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What Causes 18-Wheelers to Jackknife?

18 wheelers jackknife

Jackknifing is a highly dangerous type of tractor-trailer accident. In this blog, we describe what causes 18-wheelers to jackknife.

Jackknifing refers to the scenario in which a tractor-trailer skids or swerves on the highway. The trailer swings out to the side of the cab forming a “V” or an “L” shape. While the cab moves forward the trailer swings out into the road like a pocketknife. It can be a deadly situation for any other motorists nearby. Often two or three other vehicles are caught up in these wrecks.

When a big rig jackknifes at any speed it’s likely to roll over and the driver may face serious injury.

Often road are closed for hours after 18-wheelers jackknife while the police investigate the scene.

A number of scenarios cause 18-wheelers to jackknife. They include:

Driver Mistakes

Driver errors are the most significant cause of trucking accidents. When truckers drive recklessly or carelessly, the consequences can be tragic for other drivers and passengers.

Drivers should not speed or be distracted. It’s a federal offense for drivers to use a hand-held cellphone for any purpose at the wheel. Drivers should maintain a safe lookout and fail to yield the right-of-way. Truckers should never tailgate. They should keep a safe distance between their rig and other vehicles.

Sudden braking can result in jackknifing if the drive wheels lock while the front wheels and the trailer keep rolling forward.

Mechanical Problems on a Truck

Jackknifing can be caused by mechanical problems on a truck such as faulty engine parts, brake issues, and transmission problems. Under Federal Motor Carrier Safety Administration (FMSCA) rules a trucking company must systematically inspect, repair, and maintain its vehicles.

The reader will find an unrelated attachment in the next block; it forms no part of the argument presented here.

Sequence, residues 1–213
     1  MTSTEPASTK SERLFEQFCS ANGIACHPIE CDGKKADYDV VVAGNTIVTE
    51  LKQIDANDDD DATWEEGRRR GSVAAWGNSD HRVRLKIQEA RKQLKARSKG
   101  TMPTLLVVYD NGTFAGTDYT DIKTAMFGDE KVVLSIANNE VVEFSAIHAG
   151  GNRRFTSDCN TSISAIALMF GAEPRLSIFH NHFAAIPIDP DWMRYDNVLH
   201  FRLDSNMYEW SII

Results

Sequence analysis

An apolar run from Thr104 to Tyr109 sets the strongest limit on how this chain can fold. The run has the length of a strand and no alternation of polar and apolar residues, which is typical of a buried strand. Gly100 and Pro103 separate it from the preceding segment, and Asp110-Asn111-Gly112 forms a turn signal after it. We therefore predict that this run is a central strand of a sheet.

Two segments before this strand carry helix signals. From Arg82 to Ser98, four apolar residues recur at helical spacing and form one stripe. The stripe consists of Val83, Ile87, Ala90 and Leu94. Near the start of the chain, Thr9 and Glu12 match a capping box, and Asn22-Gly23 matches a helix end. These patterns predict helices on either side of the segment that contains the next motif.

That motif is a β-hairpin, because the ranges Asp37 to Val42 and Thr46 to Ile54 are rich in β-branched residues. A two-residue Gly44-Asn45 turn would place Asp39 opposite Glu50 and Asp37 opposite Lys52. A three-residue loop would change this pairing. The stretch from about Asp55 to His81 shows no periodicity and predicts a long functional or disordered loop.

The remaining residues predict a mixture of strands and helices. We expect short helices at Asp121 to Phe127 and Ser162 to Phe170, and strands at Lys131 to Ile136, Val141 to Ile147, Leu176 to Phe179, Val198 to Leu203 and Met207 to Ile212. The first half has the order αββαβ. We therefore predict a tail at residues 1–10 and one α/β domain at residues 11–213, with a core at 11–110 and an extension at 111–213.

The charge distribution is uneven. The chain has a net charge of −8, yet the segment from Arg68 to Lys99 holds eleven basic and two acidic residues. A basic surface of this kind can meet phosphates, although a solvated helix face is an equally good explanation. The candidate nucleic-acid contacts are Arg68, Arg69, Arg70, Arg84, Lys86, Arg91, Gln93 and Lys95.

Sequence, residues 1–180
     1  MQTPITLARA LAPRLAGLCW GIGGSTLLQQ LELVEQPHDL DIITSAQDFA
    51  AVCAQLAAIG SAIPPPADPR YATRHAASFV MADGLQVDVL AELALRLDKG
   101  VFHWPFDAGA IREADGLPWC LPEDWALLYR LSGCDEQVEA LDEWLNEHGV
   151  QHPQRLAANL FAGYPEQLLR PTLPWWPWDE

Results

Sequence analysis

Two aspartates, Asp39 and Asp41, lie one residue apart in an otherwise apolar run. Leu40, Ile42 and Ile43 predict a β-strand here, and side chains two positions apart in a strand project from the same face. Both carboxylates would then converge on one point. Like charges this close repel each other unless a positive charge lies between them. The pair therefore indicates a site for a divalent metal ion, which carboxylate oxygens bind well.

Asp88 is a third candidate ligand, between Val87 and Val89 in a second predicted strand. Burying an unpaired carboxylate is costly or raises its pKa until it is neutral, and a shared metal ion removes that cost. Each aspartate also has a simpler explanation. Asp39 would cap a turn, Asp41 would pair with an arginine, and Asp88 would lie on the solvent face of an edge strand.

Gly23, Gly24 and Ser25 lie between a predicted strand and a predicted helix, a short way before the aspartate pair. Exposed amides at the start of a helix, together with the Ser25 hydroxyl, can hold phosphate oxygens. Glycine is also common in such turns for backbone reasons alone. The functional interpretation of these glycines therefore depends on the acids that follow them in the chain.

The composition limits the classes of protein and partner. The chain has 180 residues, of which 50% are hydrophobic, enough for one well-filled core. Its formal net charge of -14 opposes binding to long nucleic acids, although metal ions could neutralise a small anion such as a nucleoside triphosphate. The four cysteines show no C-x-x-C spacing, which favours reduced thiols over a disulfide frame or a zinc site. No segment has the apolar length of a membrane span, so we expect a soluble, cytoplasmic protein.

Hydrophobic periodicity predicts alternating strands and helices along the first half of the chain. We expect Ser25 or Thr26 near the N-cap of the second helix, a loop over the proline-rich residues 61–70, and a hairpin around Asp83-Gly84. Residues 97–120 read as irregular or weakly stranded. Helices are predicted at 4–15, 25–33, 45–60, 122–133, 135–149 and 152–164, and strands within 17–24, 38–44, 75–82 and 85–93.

The carrier has some leeway to determine the correct intervals for inspection, maintenance, and repair of its fleet vehicles. Failure to inspect and maintain can give rise to liability.

Bad Weather

Jackknifing is far more likely to occur in bad weather. Slick conditions may be caused by rain, snow, or ice. When a driver suddenly hits the brakes in these weather conditions, a truck may skid and jackknife. Drivers must reduce speed and exercise caution in poor weather or pull over and wait until the extreme weather has passed. If you are injured by a big rig in bad weather, you may have grounds to sue a trucker and a trucking company.

What Can Truckers Do to Avoid Jackknifing?

  1. Keep a safe distance from other vehicles, particularly in wet or slippery conditions;
  2. Avoid braking suddenly;
  3. If the 18-wheeler goes into a skid, release the brakes and steer into the skid before the rig jackknifes;
  4. Avoid braking and swerving at the same time;
  5. Moderate your speed and respect speed limits;
  6. Avoid sudden lane changes.

Trucks jackknife all too often on the highways of Hampton Roads. In Aug. 2018, the I-64 was blocked at Lee Hall in Newport News when a truck jackknifed and sustained front-end damage. No injuries were reported but the crash caused tailbacks on the interstate.

If you or a loved one has been hurt in a trucking accident, please call our Newport News trucking accident lawyers at (757) 333-3333 for a free consultation.

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